The Washlands, however, do not only mark the wonder of nature but also our industrial heritage with two old mining wheels acting as handy places to sit along the well maintained paths that run through the place, together with a couple of viaducts which provide their own beauty and carry the Sheffield to Lincoln line along them. Seeing the trains roll alone these have been something of a sign of hope for me… a sign that the outside world still exists… and a reminder than, at some point, we will be travelling again…

On the viaducts, as well as on the road flyover at the South end of the area, have sprung up all sorts of interesting graffiti which, for me, further enhances the area and makes walks even more interesting… there is such a range, some of it reflecting the times that we live in. So while I would abhor vandalism to the habitat itself I think this street art only adds to the beauty of the place when on these human-made structures. This is my favourite…

Then there’s the bulls… a constant during three seasons of the year making their own mark on the area… I love the way that they just stroll across the river (they now have their own ramps) and can pop up at any part of the Washlands. They are occasionally a little bit scary… but add to the general atmosphere to the place and remind me that this is somewhere that is integral to the broader area with its own ecosystem.

But if I had to decide which is my favourite part of this beautiful little place is… I would have to say the tree near the Furnace Lane entrance… it is the thing that I see most as I walk past it on early morning walks and see it in all its glory whether with a backdrop of mist, sun, different coloured skies, or even water (see at the top when the Washlands were flooded in 2019). It somehow has such a majestic and commanding shape to it, whether bare…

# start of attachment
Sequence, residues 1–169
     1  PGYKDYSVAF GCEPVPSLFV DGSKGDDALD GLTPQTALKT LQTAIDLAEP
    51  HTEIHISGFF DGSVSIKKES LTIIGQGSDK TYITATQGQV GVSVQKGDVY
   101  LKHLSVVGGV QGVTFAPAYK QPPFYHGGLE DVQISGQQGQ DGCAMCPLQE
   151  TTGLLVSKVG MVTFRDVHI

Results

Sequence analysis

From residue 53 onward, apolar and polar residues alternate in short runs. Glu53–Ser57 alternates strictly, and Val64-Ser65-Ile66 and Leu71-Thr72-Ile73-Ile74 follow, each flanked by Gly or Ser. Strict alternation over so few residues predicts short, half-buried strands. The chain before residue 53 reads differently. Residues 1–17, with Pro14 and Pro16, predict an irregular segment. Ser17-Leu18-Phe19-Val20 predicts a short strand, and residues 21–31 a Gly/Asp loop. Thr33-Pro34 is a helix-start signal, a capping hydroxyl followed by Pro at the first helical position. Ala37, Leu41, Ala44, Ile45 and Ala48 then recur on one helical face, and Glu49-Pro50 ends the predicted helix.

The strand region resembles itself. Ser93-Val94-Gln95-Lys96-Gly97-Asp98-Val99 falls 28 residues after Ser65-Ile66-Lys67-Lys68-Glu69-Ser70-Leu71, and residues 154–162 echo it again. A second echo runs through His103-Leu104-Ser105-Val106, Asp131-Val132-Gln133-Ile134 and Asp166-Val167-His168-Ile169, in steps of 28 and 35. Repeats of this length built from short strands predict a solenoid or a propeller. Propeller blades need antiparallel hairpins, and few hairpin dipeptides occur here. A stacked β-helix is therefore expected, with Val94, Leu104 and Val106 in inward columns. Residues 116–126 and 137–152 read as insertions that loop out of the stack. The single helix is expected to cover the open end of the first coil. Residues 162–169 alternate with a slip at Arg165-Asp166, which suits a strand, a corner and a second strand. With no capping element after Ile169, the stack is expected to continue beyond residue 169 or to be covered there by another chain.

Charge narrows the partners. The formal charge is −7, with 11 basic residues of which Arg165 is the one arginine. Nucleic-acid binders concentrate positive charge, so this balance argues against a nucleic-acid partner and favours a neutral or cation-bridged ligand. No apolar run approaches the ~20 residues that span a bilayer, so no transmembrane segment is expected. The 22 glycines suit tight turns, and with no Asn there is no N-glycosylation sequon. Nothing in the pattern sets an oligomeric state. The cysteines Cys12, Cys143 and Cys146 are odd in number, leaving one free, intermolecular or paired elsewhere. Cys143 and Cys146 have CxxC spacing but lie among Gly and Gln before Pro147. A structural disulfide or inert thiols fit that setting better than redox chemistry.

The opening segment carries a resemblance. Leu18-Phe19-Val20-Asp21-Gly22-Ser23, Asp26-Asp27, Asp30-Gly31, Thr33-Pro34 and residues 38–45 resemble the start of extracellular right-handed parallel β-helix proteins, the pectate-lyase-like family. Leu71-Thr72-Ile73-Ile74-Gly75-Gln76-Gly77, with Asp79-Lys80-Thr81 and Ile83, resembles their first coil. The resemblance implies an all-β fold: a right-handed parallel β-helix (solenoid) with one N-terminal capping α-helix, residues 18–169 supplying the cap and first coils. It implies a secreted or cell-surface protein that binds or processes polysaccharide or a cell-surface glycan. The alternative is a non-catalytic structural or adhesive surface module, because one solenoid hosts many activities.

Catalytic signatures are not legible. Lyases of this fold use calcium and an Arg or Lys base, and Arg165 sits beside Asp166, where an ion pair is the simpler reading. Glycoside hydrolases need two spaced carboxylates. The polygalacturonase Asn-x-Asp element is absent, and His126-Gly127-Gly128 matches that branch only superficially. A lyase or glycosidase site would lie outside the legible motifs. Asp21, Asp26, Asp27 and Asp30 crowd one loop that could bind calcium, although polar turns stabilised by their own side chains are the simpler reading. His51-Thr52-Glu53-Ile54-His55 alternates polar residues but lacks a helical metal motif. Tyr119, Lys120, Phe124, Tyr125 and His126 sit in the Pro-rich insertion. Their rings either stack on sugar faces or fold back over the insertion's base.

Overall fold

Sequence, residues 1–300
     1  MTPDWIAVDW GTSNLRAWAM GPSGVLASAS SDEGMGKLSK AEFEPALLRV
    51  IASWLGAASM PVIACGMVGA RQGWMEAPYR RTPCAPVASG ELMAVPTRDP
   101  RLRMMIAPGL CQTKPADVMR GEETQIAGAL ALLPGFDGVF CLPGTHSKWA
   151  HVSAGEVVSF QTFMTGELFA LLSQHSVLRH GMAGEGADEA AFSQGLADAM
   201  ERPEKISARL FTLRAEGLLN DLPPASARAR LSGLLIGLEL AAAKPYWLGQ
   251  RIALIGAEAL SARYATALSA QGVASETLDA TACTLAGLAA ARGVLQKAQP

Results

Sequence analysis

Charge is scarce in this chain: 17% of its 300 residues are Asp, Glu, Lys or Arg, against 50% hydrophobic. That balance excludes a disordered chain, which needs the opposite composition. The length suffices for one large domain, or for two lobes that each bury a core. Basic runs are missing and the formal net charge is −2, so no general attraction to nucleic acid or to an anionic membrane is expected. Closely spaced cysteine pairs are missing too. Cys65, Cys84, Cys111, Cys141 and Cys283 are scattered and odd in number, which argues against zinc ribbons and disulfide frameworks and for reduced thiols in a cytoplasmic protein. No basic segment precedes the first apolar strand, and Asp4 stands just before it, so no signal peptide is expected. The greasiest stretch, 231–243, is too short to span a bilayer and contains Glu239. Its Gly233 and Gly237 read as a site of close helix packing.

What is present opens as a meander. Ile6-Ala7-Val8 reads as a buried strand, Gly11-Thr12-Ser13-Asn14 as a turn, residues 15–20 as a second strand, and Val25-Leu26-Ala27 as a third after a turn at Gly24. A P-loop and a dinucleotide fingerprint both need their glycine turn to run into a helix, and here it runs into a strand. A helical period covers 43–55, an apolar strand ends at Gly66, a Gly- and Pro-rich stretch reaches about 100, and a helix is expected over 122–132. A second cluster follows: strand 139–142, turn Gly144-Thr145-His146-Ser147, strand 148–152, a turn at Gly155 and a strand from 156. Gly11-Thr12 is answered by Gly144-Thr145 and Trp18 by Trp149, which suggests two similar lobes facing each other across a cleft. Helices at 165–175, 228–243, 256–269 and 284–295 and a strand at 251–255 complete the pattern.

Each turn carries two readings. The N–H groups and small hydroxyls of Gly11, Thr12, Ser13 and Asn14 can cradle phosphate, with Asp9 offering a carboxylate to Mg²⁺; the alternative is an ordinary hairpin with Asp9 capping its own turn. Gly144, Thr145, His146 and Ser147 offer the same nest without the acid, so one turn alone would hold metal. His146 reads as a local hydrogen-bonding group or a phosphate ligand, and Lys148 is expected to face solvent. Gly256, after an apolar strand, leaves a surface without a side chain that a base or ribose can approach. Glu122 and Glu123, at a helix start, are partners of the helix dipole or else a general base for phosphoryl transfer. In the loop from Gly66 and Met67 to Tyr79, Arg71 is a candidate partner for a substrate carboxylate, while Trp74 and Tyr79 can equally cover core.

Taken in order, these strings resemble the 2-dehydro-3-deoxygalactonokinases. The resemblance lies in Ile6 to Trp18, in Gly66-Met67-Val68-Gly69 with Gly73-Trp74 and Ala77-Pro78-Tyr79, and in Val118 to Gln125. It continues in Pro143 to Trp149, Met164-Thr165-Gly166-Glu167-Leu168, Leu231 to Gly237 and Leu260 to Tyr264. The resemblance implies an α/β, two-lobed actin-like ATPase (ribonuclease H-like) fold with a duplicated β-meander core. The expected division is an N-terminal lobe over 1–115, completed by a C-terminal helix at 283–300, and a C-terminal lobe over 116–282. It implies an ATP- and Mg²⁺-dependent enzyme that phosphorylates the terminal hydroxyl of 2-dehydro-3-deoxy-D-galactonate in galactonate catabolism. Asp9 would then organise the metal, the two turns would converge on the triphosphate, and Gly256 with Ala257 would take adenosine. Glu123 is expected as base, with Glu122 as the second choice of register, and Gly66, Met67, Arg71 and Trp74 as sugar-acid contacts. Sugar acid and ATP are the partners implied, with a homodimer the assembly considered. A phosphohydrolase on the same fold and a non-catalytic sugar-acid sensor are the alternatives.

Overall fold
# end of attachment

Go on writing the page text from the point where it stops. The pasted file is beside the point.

…or with leaves…

…and added to that I also has a strangely surreal quality because of the fallen log that acts as a bench for people underneath its commanding boughs…

I like to think of it as something Henry Moore might have produced and love how it seems to take on different forms from different angles… another detail that has come to mean more to me as I have examined it over the last year, but which is not the only surreal bit of wood in the place…

Woodhouse Washlands, then, have been an absolute lifesaver over the last year or so… a year when the horizons of our being were considerably narrowed, and we were forced to retreat into our localities. I feel fortunate, no privileged, to have has such a place so close to our home… a place that we have been able to escape to and explore… a place that is more than the same four walls of our house… but a place which, even now, we are find new things about. It is a place of constant change thanks to nature, and to the wonderful work of the Yorkshire Wildlife Trust, and it is a place that I will always hold dear in to my heart.

To find out more about Woodhouse Washlands, or donate to the Yorkshire Wildlife Trust (or set up a monthly direct debit like we do) click here.